Now, let us look at the patient… They too may have chosen a specific institution because they know euthanasia does not happen there. A patient or family considering euthanasia might be well advised to enquire about the institution’s policy before applying, and if the charter stipulates that no euthanasia is performed on the premises, look elsewhere where their need can be met.

Sadly, we have to note that freedom of expression and respect for the other are equivocal in this debate, as they seem to work in one direction only. Little or no room is left for institutions that stand for life.

During a hospital inspection, an institution was blamed for not having any euthanasia protocol. The director objected they did not need one since internal regulations stipulated that euthanasia would not be performed on their premises. The inspectors summoned the hospital to update the document and lay down a euthanasia protocol...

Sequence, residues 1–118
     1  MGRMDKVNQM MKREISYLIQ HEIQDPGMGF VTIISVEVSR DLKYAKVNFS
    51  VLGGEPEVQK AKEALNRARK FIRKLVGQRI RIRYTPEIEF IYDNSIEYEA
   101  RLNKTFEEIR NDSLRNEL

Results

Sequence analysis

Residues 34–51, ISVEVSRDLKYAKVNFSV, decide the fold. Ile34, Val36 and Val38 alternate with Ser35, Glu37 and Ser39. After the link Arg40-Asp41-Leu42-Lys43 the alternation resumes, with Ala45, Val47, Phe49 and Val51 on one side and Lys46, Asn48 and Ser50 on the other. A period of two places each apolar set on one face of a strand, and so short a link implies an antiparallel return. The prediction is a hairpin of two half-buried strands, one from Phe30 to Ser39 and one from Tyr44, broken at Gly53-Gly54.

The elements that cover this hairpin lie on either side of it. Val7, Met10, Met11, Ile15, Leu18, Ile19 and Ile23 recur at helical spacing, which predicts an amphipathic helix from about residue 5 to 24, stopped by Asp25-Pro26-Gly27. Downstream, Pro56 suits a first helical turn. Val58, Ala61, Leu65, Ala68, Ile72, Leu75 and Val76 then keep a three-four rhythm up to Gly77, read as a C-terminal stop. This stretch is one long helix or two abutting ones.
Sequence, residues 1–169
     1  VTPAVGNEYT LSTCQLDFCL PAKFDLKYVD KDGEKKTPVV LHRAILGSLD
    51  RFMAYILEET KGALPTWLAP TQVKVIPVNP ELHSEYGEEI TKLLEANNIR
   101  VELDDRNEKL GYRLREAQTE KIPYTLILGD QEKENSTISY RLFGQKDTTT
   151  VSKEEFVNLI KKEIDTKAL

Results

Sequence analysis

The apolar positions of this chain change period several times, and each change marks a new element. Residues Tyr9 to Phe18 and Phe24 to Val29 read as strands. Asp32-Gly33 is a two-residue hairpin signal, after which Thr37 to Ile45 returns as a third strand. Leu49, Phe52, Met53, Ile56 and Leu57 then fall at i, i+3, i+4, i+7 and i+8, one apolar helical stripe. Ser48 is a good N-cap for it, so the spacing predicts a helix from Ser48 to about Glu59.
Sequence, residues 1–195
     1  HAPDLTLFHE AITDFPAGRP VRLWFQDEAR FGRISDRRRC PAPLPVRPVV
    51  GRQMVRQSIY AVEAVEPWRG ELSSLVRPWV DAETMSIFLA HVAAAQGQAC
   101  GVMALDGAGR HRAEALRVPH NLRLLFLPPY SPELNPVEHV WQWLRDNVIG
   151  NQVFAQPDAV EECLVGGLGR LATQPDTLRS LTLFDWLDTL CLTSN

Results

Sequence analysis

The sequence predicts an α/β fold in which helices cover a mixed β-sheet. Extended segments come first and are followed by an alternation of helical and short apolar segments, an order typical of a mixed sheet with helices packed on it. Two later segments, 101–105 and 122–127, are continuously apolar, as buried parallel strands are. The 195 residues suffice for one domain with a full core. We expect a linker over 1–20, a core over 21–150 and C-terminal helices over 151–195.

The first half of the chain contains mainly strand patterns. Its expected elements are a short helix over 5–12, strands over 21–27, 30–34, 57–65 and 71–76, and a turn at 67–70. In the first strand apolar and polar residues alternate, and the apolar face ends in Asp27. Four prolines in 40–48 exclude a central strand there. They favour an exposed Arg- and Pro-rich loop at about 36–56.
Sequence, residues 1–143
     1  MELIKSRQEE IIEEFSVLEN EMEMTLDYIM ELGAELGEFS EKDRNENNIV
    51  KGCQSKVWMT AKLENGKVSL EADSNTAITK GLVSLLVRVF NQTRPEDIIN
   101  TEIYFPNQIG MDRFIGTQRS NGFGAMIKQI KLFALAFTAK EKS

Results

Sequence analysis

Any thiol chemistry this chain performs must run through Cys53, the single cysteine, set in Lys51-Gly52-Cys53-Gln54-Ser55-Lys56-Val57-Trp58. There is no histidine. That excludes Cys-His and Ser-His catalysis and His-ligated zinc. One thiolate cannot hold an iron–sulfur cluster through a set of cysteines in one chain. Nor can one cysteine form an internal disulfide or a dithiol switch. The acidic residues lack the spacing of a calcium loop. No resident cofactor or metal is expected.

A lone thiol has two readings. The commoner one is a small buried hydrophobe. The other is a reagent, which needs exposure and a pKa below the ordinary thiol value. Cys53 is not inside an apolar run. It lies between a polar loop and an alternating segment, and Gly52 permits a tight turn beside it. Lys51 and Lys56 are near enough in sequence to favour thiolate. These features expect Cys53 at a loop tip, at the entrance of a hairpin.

Considering the law is unclear, it seems to me that such an attitude denotes abuse of power.

Having considered the healthcare workers’ conscience issues and experience of euthanasia in the first section, let us now turn to the patients. Undeniably, situations are equally complex and difficult for patients and their families, who are suffering. Faced with their request for euthanasia, what does palliative care have to offer? Can they come up with an answer or even a valuable alternative?

9.4 Euthanasia, a Stage in Accepting One’s Illness

A number of specialists have explored different stages patients can go through when they are given bad news: denial, anger, bargaining, depression, and acceptance can be experienced to a greater or lesser extent. I would want to add a further stage: requesting euthanasia.